Notes from Bea Flavin’s Lecture on Swarming 14/03/18

We had an excellent talk from Bea and received very useful information on how to try and stop our bees from swarming and what to do if we get a swarm. It was a very interactive session with lots of questions.

I have tried to give as much information as I had made notes on and I have taken the liberty to add video links which I have found useful.

Prevent Swarming

Why do bees swarm? Swarming is the bee’s natural method of reproduction so its always going to be difficult to control it. Imagine if we were to try controlling human reproduction?

When? Weather dependent. Early summer. Bees on Oil Seed Rape. Hive becomes congested. Lack of ventilation.

Signs: Strong Colony, Increase in drone brood, queen off lay, queen cells.

Prevention: Regular Inspections in April ..every 9 days if queen is marked and clipped, 7 day inspections if queen is not clipped. Look for queen cells and break them down.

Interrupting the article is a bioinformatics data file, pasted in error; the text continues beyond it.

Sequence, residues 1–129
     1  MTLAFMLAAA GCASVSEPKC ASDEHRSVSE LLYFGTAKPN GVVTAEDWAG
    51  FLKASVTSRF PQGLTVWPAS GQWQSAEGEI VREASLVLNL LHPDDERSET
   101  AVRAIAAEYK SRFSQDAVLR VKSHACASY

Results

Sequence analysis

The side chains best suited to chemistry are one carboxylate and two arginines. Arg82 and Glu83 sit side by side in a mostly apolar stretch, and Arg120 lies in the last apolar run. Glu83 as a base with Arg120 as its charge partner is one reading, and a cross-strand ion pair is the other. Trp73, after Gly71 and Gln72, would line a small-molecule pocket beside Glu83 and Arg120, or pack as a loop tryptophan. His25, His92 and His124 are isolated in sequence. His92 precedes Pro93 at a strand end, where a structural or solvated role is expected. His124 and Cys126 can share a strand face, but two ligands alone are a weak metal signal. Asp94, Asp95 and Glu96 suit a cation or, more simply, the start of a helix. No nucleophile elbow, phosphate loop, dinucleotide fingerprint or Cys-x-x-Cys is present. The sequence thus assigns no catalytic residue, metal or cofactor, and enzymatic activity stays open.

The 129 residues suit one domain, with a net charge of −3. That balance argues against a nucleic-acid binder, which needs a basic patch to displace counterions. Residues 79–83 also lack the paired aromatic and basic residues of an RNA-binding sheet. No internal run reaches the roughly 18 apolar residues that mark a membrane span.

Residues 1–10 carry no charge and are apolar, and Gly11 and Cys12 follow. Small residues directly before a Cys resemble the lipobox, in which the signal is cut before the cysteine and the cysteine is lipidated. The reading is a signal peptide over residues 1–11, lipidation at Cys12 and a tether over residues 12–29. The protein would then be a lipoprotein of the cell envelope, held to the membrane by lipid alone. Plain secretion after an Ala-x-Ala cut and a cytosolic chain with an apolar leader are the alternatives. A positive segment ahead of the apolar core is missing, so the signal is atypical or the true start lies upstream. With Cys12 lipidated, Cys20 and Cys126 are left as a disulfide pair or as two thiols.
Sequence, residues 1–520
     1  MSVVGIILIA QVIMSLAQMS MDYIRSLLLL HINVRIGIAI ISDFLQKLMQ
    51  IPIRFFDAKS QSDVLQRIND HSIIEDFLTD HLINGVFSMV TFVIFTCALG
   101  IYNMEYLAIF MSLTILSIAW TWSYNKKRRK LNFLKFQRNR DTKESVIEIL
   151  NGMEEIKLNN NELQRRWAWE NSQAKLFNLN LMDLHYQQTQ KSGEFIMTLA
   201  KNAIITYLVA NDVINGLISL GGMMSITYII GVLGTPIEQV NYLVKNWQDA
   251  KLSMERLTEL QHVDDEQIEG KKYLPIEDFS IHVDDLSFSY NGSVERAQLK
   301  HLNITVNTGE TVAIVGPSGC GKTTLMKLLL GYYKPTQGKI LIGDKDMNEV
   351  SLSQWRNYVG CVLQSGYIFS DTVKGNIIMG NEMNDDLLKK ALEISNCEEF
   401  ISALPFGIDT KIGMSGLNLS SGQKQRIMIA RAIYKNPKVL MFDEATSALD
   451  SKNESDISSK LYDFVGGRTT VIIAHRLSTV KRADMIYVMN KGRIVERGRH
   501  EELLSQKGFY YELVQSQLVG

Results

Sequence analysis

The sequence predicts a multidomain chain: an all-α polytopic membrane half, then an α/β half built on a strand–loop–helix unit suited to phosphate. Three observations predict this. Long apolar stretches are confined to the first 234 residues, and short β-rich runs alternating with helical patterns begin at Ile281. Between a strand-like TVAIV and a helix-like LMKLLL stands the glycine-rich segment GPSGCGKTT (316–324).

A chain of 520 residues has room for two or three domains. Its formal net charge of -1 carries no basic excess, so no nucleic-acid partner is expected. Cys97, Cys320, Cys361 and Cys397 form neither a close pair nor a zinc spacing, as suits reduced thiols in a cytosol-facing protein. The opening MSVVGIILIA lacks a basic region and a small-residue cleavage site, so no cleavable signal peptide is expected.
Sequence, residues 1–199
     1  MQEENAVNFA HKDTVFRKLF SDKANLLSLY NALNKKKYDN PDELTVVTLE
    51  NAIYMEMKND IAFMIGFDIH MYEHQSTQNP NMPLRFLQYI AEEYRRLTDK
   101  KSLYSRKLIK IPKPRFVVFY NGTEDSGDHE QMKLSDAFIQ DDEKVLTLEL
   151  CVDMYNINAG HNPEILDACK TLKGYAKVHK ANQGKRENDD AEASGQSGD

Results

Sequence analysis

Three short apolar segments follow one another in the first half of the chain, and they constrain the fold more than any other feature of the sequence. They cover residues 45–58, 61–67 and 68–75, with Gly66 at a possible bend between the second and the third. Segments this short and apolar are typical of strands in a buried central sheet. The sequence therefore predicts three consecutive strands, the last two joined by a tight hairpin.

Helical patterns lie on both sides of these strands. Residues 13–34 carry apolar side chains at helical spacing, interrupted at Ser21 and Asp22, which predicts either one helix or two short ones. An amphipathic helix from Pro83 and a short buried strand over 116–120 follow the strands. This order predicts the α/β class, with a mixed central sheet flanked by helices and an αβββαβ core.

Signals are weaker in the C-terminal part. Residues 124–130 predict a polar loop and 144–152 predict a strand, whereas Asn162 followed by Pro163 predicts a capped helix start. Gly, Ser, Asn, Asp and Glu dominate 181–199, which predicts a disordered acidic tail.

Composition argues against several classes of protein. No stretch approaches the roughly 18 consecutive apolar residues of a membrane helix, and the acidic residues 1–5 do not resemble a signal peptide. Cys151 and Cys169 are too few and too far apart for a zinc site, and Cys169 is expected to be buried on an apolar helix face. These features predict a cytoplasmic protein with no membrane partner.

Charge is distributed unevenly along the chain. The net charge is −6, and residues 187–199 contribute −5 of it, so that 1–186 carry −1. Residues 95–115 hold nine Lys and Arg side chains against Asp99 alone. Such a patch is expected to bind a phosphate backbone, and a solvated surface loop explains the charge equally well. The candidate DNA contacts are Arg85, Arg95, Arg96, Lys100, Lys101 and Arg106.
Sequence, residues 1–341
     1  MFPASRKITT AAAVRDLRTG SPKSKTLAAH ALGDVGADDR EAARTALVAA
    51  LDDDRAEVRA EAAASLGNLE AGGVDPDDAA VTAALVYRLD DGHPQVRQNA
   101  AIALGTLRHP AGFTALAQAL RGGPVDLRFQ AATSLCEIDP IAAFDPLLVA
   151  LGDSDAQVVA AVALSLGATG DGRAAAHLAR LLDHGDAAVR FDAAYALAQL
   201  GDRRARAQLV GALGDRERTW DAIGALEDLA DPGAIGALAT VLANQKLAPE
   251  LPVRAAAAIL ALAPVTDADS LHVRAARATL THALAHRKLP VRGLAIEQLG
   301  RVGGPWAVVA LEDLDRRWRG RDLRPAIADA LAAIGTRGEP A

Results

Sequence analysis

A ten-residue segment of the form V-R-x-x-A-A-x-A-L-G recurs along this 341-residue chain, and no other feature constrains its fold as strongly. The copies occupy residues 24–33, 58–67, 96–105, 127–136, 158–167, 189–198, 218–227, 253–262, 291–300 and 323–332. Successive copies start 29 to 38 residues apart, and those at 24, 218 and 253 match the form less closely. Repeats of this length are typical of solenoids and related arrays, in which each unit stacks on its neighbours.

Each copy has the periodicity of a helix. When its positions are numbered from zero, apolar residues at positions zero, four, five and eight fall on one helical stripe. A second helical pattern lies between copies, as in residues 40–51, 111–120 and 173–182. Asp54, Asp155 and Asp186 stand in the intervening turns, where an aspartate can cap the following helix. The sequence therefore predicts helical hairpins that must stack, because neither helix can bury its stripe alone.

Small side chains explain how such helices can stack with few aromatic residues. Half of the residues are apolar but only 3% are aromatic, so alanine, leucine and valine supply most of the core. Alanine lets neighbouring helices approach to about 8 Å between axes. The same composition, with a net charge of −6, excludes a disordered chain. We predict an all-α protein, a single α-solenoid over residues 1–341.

Give bees plenty space. Add supers if necessary. Ensure plenty ventilation

Swap in 3-4 frames foundation yearly.

Recognise swarmy bees..they build up quickly.

Clip and mark the queen. Do this at first inspection if possible. Do around mid-day when foragers are out. Dont use smoke if possible as it will cause queen to run. Use crown of thorns…not the plastic variety. Dont press too hard. Yellow or white colours are easier to see. Keep Records

Do a Bailey Frame Exchange…see how in March Beachaire P141 and video link…

Do an Artificial swarm… video link.. and

Replace the queen in the autumn. Young queens are less likely to swarm.

Unite weak colonies.

Taking a Swarm: need a box, sheet, water spray, frame of comb, protective clothing, secateurs, loppers. Get bees into box and cover. Isolate them from your Apiary until tested and disease free. Run them into a nuc box by placing the sheet on the ground, empty bees on to it. They will run into the nuc box. Observe if there is a queen. Dont clip the queen because if its a virgin queen she she cant then go out to be mated. Be careful…there could be more than one queen. Leave only 1 queen. Fill the box with 1 frame of drawn comb and 4 frames of foundation and feed 1:1. Take a sample of bees and send to Mary Coffey for testing. Treat for varroa.